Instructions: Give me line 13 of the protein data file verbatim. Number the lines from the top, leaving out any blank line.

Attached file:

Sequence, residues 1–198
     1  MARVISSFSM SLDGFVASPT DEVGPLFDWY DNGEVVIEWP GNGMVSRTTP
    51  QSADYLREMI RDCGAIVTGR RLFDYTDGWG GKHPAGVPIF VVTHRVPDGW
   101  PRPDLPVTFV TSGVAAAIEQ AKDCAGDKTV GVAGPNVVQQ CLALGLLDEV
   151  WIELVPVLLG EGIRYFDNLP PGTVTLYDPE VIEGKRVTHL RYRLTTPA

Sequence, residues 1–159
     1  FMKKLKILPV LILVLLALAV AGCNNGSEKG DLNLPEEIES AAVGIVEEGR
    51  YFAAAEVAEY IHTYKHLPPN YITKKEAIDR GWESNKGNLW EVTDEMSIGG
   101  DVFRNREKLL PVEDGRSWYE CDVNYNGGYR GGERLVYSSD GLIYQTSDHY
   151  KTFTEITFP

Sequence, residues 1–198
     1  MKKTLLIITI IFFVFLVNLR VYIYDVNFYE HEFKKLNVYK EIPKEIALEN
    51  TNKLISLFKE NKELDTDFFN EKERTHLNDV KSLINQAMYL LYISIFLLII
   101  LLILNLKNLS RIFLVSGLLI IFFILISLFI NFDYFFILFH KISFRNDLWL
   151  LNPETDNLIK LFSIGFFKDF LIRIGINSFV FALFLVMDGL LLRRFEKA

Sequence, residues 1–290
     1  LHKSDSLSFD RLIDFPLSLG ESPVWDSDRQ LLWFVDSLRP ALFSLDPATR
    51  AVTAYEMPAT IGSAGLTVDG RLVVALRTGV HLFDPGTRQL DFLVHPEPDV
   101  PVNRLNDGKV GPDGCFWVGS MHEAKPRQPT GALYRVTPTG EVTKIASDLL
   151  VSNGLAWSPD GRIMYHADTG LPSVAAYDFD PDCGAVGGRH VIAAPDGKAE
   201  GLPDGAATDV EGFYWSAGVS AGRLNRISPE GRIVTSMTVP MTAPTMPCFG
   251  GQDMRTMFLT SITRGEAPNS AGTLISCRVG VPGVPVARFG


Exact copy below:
    51  TNKLISLFKE NKELDTDFFN EKERTHLNDV KSLINQAMYL LYISIFLLII